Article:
In its essence it’s a Christian day of course, but some of the traditions typically associated with it it can be traced back to pagan times. Kissing under the mistletoe, a plant that was the sacred plant of Druids; gift-giving/feasting, and the Roman celebration of Saturnalia (the return of the sun at the solstice). And of course nowadays we have Christmas Trees, Christmas lights, Santa Claus and….for better or worse….Christmas shopping.
You could rightfully say that none of the latter have anything to do with the real intent of Christmas (honoring the birth of Jesus Christ), and yet you could also say it’s all part of our shared, modern experience of it. There are lots of folks that celebrate Christmas who are not even remotely religious, and yet the celebration of that day, brings them all together.
Is that not a positive thing, regardless?
Personally I’m not too keen on the commercial side of it all, but I do feel strongly about the mental and personal side of it. We have traditions in our family that go back generations, and practicing those traditions are part of what brings me a sense of belonging and unity. They are important not so much for the acts themselves, or even the date itself, but because they are repeated and shared. This is what brings us together, across generations and borders.
All that to say, if you get a sudden urge to put up your Christmas tree this week, I say go for it.
We need all the connection we can get this crazy 2020 year, so whether it’s frivolous or not, whether it’s the true intent of the season or not, whether it’s commercial or religious. If it brings you meaning, connection and joy….just do it.
Getting Together, And Thoughts
What about seeing actual people? Are you going home or getting together with family for the upcoming holidays this year? Thanksgiving? Christmas? How will keep everyone safe, especially if you are seeing people deemed “at risk”?
This is probably the first time any of us have ever had to think about that last question, and it’s a doozy. Lock-down and travel restrictions aside (still TBD all over the world), I do there’s a few things you can do.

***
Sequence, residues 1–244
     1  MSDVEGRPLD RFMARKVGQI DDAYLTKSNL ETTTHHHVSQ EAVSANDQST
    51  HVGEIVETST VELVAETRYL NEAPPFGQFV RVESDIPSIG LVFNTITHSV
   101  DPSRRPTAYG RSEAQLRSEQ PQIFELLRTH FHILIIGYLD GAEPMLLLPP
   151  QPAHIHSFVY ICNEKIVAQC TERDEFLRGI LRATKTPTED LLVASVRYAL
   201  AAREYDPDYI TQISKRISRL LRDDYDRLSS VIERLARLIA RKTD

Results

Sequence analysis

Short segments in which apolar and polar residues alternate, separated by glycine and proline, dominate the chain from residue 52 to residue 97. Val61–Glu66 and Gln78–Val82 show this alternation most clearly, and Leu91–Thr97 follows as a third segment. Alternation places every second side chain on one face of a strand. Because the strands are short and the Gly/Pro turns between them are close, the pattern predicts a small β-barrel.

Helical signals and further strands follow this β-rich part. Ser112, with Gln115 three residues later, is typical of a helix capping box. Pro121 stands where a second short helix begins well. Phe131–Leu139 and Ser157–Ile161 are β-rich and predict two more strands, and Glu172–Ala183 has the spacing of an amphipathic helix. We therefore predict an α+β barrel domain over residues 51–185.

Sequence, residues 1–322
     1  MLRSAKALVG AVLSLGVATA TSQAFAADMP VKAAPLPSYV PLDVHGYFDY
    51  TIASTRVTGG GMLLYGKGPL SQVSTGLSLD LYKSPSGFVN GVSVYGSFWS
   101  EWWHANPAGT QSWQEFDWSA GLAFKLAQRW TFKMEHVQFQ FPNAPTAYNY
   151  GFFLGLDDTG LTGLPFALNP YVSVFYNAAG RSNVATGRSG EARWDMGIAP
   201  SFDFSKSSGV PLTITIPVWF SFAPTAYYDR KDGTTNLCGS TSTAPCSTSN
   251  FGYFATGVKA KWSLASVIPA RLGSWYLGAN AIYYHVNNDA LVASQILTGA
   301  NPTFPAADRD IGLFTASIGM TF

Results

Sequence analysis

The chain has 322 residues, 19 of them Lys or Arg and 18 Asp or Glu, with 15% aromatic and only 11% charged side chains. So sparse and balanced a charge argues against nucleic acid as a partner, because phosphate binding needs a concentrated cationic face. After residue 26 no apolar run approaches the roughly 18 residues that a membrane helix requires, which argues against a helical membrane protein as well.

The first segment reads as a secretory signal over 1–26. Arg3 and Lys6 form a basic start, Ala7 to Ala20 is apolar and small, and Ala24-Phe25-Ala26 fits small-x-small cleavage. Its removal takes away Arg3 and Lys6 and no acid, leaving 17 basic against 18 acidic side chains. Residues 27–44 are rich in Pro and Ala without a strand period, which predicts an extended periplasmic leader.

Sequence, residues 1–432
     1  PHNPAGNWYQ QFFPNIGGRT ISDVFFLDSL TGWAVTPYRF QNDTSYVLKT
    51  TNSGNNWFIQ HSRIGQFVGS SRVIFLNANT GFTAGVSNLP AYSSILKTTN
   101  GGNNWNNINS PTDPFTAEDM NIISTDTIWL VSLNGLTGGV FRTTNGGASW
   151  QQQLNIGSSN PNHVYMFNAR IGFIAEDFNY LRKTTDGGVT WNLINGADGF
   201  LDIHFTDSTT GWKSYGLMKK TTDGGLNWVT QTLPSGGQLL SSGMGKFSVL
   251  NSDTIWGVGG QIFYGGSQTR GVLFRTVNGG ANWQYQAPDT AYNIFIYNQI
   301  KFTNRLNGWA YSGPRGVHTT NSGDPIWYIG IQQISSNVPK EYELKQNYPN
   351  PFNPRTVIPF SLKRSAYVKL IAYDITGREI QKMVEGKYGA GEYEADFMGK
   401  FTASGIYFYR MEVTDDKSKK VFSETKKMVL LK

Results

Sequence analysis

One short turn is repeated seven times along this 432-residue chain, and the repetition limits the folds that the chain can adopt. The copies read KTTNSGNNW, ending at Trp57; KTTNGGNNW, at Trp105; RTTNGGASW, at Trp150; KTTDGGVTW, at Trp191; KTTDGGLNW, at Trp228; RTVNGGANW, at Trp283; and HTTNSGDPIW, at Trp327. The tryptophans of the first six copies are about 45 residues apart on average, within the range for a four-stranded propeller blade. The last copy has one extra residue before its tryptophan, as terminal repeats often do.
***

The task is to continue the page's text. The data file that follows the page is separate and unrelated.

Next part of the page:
Obviously you can do a COVID test, of which there are several types (RT-PCR, antigen, antibody) now in circulation.
If you decide to do this you should know that most accurate test available today is a molecular test or RT-PCR test, specifically the one with a swab taken from deep in the nasal cavity. On an accuracy level it’s not too, too bad, but it can produce a false negative (anywhere from 2-37%) and it does have one big potential “gotcha”. It generally does not catch infections that have just happened, as the virus needs to “brew” for several days before the swab can detect it.
So for example, you could travel on Monday, get infected the same day, get a test on Tuesday or Wednesday and you would likely still test negative, even if you were not. Plus symptoms might not show up until a week later. It’s not a deal-breaker, but you do need to factor those probabilities in.
Isolation is another strategy and it’s a pretty effective one. Simply isolate for 2 weeks before you see your family and you’ll be pretty darn safe. Super easy to talk about, sometimes not-nearly-as-easy to do?
Then there are the obvious things like social distancing & masks (in a family setting, really??), limiting the number of people who get together (possible), doing your gatherings outdoors rather than indoors (not likely in December).
If you’re getting together these coming holidays these are all items to think about, and only you and your family/friends can decide what is right for you.
We’ve decided not to get together with our siblings this year, but if we were to do it a combo of testing & partial isolation (probably 7 days) would be my choice.
Just my thoughts….
Make Connections Where You Can
No matter what you decide to do during the next few months, I advise you to find real person-to-person connection where you can. Whether it be the local market, your neighbors, your friends on the phone, your family. These are not easy times, and IMO they’re about to get harder, so connection is more important than ever both for our mental health and for what is to come.
Connection, traditions, friends and family. It’s what it’s all about.
What do you think, my dear readers? Do you have some special traditions that you love? Tell me about them. Tell me what connects you, and how you plan to connect these next months. Oh, and if you’re putting up your Christmas tree this week, lemme know. I may well be joining you soon….SPONSORED LINK: